Shelby County Commissioners recommend less aggressive pre-K funding plan

Shelby County’s pre-K committee has recommended delaying additional early childhood spending until 2020.

The committee voted 4-2 Tuesday in favor of a plan that pushes back by a year funding increases for free, need-based pre-K programs. The full Commision is slated to vote Monday on the county budget for the fiscal year 2019, which includes pre-K funding.

Tuesday’s vote walks back Commissioner Steve Basar’s recent proposal, which had the county adding an additional $2.5 million for pre-K this calendar year and contributing $15.1 million a year toward pre-K by 2021.

In the committee session, Commissioners Van Turner, Melvin Burgess, George Chism, and Reginald Milton voted to approve the new recommendation, crafted by Wanda Richards, director of administration and finance for the county. Commissioners Steve Basar and Willie Brooks voted against it.

“I want us to add seats at the same level as in my proposal,” Basar said, of his desire to fast-track additional pre-K seats. “That’s why I voted against this plan today.”

Under the new recommendation, the county would contribute $3 million for pre-K in the fiscal year 2019, as it has for the past several years, and the number of free pre-K seats in the county would hold steady at about 7,500. The county would then add an additional $2.5 million for 2020, and continue to scale up to a total $8 million by 2022.

Currently, about 7,420 of the country’s 4-year-olds attend free school programs, and those seats are funded with a combination of city, county, state, federal and philanthropic dollars. A coalition of nonprofit groups led by Seeding Success — an organization tasked with improving educational outcomes countywide — has been working to close the funding gap. The consortium is seeking to raise $16 million in public funding for the pre-K seats.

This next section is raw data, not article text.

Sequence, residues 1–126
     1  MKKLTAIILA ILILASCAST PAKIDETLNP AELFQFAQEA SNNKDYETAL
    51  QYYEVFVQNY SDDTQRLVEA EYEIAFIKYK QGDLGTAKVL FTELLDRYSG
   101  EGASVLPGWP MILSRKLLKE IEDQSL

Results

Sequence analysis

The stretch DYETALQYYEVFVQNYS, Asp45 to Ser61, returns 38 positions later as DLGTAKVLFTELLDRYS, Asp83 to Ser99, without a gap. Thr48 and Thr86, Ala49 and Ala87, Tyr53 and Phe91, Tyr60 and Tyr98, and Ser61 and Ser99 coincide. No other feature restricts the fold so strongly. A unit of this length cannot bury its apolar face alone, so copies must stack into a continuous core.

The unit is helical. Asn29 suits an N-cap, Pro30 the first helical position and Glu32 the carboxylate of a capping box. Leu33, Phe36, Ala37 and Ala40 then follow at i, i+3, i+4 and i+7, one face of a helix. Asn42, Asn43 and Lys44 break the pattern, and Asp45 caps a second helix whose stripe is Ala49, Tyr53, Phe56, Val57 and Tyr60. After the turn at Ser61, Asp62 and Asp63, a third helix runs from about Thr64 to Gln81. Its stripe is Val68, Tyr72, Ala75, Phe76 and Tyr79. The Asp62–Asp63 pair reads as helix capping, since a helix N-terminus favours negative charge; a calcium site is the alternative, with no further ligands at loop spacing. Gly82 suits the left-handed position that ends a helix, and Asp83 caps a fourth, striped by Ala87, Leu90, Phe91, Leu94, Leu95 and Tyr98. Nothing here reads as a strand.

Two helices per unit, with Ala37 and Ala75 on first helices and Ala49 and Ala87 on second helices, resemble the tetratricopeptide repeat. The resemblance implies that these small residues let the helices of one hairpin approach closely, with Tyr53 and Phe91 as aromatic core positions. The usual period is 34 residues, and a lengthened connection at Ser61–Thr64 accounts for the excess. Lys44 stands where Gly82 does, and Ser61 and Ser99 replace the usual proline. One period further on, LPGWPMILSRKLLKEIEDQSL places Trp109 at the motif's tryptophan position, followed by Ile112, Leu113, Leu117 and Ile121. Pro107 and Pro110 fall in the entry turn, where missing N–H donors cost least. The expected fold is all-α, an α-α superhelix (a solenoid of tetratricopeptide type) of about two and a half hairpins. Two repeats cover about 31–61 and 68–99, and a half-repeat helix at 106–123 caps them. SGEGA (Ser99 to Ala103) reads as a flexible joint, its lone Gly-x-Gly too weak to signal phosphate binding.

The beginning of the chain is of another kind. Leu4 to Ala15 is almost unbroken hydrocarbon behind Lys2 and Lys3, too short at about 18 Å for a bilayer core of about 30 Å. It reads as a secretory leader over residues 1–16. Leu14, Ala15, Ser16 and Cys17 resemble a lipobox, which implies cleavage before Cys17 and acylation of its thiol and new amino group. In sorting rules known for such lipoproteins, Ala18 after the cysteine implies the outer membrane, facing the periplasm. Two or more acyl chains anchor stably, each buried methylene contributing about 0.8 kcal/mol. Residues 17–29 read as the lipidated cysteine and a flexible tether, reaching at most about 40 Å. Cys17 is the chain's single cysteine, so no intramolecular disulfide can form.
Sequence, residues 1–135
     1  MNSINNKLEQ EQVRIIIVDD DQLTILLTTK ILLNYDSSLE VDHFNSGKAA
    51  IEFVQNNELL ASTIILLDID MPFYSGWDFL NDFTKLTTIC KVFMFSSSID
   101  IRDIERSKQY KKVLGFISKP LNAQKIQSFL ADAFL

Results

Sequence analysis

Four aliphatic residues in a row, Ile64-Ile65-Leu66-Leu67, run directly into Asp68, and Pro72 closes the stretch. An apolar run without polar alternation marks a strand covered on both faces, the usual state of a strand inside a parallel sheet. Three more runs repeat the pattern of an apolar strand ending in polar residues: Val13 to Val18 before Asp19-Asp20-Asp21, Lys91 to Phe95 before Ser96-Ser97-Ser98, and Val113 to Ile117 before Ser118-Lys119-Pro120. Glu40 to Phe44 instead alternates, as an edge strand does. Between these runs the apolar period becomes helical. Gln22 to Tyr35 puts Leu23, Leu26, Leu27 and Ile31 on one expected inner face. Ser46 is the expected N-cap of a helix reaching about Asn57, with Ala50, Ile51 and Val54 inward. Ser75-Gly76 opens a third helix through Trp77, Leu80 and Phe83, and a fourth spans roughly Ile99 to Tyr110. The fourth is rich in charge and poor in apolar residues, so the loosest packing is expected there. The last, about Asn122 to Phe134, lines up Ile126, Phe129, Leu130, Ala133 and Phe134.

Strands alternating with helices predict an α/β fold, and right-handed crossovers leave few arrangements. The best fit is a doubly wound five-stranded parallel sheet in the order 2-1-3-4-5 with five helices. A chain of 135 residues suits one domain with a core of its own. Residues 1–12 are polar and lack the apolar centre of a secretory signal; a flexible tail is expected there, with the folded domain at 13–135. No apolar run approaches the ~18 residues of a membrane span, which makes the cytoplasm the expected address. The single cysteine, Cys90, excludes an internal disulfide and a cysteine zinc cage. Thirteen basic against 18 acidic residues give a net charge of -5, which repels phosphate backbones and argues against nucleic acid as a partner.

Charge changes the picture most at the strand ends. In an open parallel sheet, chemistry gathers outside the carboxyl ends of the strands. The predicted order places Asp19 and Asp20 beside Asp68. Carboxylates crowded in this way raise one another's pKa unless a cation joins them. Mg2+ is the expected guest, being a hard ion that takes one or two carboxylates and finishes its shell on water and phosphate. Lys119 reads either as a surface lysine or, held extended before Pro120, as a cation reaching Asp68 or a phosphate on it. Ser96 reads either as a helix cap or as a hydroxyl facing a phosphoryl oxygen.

That money is part of its  $40 million plan to raise the level of early childhood education in Memphis. The group is counting on private philanthropy to cover the remaining $24 million, and that money will be earmarked for home visitation services, high-quality childcare, and tracking data.

The expiration of an $8 million federal grant in 2019 could reduce free pre-K seats by 1,000 if additional revenue doesn’t come through. To pay for every child who can not afford pre-K, Memphis would need about 8,400 seats, according to Seeding Success, at the total cost of about  $16 million a year.

A sticking point for the committee was over whether Shelby County Schools district or the county itself would add to its pre-K budget for the 2019 year.

The school district approved an increase of $2.4 million to $4.8 million in pre-K funding for 2019, said Shante Avant, the Shelby County Schools board chair, who was present at the meeting. But the school budget won’t be officially approved until the county commission votes on it this month. The county is the funding body for the schools.

If approved, the district’s increase in funding will allow the county to maintain its 7,500 pre-K seats for 2019-2020 despite the expiration of the federal grant. The county’s own increase in money, combined with new city funding and district funding, would total $16.6 million by 2022 — creating 1,000 new seats and making free pre-K available to all who qualify.

Melvin Burgess, the committee’s chair, said he felt Tuesday’s vote was a good step forward.

“We needed to get the ball rolling,” Burgess said. “We can always amend this recommendation once we approve the [Shelby County Schools] budget.”